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10 logos from 2019 that defy design trends

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Anyone who’s kept an eye on logo design in 2019 knows the score. When it comes to redesigning a major brand’s logo, the standard route is to take the existing design and simplify it in as many ways as you can. 

If it features multiple colours, reduce that to just one. If it has ornate, expressive or cartoony typography, change that to a more streamlined font. If it has graphic elements, remove them, or at least make them look more geometric and app icon-like. If there are serifs, swap them out for sans-serifs. You get the idea.

In short, if you end up with something that looks like all the other logos around right now, then you’re going in the right direction.

This most pervasive of all the logo trends of 2019 can be seen in the redesigns of Volkswagen, Android, Sydney Film Festival, Toyota, Scotiabank, City of Vienna, Bristol CIty FC, Staples, Airarabia, All4, and many more. But it has not been entirely dominant. 

Some brands have decided to buck the groupthink, and dare to go in a different direction. Here we bring you 10 new logos from 2019 that stood out from the crowd, in a number of striking ways.

01. Western Sydney Airport

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WSA logo

Western Sydney Airport's new logo has proved controversial, but it's certainly not boring (Image credit: WSA)

New logo

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WSA logo

(Image credit: WSA)

Old logo

The work of Australian design agency Traffic, the new logo for Western Sydney Airport is a world away from the clean but unexciting wordmark of its predecessor (click the right arrow above to see the previous design).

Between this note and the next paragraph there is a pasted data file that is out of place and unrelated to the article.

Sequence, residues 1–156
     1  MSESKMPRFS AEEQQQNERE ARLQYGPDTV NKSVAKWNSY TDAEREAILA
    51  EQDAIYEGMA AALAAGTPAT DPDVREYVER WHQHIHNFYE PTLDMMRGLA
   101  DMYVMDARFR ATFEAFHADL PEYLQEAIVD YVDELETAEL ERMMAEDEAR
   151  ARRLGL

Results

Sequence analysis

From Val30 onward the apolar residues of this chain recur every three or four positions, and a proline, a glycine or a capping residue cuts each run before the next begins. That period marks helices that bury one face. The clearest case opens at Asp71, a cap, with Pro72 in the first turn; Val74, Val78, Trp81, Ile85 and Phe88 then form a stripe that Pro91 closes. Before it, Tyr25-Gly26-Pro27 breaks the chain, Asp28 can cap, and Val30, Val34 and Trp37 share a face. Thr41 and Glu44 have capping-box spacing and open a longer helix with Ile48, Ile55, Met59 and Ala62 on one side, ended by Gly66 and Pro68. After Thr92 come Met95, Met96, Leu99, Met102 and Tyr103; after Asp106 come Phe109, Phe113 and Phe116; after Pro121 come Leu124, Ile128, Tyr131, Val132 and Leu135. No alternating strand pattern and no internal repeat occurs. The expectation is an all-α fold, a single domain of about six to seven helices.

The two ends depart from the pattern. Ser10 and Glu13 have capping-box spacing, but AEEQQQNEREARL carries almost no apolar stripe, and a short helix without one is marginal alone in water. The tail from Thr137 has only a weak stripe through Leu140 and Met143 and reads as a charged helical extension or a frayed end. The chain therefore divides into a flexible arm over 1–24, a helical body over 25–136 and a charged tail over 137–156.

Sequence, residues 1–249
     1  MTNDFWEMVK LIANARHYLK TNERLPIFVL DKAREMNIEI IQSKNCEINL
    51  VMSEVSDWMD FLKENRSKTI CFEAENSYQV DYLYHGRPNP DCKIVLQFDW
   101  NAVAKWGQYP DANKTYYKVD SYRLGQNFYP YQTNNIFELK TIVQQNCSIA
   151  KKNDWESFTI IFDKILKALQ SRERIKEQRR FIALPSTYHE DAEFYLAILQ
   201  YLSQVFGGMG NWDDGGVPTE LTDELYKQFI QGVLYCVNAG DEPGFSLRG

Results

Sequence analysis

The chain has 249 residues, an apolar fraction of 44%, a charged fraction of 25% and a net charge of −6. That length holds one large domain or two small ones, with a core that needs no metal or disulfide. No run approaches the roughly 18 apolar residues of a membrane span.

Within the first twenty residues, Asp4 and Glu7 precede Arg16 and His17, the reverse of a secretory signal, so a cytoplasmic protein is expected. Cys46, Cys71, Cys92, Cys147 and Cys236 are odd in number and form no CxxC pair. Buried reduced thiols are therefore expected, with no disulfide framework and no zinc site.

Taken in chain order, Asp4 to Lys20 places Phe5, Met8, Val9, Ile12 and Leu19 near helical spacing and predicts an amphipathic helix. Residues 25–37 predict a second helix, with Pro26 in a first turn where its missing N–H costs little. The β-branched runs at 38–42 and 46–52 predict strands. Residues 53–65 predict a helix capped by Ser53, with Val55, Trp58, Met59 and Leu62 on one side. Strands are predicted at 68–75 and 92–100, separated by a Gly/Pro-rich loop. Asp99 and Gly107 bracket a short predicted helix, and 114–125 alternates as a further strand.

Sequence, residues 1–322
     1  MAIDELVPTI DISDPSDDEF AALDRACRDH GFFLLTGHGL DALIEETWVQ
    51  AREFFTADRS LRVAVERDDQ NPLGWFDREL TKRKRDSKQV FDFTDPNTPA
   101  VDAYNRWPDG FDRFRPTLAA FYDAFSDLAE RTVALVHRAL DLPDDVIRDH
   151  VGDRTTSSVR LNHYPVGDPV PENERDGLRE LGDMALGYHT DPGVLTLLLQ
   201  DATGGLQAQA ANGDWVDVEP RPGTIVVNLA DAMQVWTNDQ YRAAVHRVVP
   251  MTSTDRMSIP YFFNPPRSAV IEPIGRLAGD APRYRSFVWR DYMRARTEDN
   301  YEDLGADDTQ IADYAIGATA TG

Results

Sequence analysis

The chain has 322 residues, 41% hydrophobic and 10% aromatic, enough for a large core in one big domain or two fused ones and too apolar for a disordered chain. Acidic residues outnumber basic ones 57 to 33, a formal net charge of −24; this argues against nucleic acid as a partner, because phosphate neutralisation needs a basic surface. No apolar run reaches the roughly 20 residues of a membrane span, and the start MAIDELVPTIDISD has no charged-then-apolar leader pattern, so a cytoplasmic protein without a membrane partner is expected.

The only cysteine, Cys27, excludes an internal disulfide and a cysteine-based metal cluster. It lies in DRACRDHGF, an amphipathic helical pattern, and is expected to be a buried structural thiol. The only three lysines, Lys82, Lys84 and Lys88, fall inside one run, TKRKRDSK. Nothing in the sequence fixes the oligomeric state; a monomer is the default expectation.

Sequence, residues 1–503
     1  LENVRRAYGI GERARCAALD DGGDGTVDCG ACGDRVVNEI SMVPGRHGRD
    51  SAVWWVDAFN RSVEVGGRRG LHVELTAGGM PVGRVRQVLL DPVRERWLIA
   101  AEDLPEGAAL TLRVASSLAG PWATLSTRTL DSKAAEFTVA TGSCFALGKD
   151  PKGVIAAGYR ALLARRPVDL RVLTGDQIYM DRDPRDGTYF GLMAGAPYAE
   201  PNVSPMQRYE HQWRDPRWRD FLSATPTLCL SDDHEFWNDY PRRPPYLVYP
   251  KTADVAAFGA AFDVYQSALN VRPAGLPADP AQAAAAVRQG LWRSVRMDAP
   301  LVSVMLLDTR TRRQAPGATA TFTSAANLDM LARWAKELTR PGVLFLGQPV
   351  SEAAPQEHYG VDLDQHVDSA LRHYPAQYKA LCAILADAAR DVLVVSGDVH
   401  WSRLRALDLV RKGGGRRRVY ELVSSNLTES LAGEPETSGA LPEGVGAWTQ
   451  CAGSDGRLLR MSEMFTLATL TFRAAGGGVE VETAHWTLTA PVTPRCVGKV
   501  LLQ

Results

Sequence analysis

Stacking the text and adding a bold new graphic element, crafted from a disjointed combination of triangles and an eye-catching gradient, this new logo has certainly divided opinion. You can learn more about the thinking behind it here

02. Wind Mobility 

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Wind logo

There's a real sense of dynamic movement to Wind's new logo (Image credit: Wind)

New logo


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Wind logo

(Image credit: Wind)

Old logo

WInd (full name: Wind Mobility) is a Berlin-based startup that offers dockless e-scooter and electric bicycle rentals, and its latest logo was designed by London studio Ragged Edge

The new design is a bold approach that calls to mind superhero comic typography. And overall there's a clear sense of dynamism and speed to it, particularly seen in the off-key serifs on the 'W' and 'N', which befits the brand nicely. Check out the full identity and learn more about the thinking behind it here

03. Sheffield Theatres 

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Sheffield Theatre logo

Sheffield Theatre's new logo is loud and proud (Image credit: Sheffield Theatre)

New logo

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Sheffield Theatre logo

(Image credit: Sheffield Theatre)

Old logo

Here's another logo design that takes inspiration from headline-style typography. Sheffield Theatres is a group of three theatres in Sheffield, England, namely The Crucible, The Lyceum and the Studio. And its new logo, created by local agency Cafeteria, is brimming with confidence and assertiveness. 

With its bold typography, vivid colour, and inspired use of an exclamation mark (which nicely flips on itself in the animated version), this logo design may be clean and simple, but it's certainly not bland. 

04. Access 

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Access logo

This logo for a stairlift manufacturer makes great use of negative space (Image credit: Access)

New logo


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Access logo

(Image credit: Access)

Old logo

Based in Teesside, UK, since 1976, Access is a leading company manufacturing startlifts for home use worldwide. It's not an industrial sector you'd normally connect with a sense of youthful dynamism. But this new identity, designed by Middlesbrough studio Better, takes an unusual approach that manages to tick a lot of boxes. 

Stacking the letters vertically is an obvious reference to the product in question, while the custom lettering, created in-house, reflects the innovative nature of the company's engineering. The negative space down the middle, meanwhile, recalls the crisp stencil-like silhouettes of industrial manufacturing. See the full identity and learn more about the thinking behind it here

05. Teach First 

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Teach First logo

Teach First's new logo makes great use of expressive typography (Image credit: Teach First)

New logo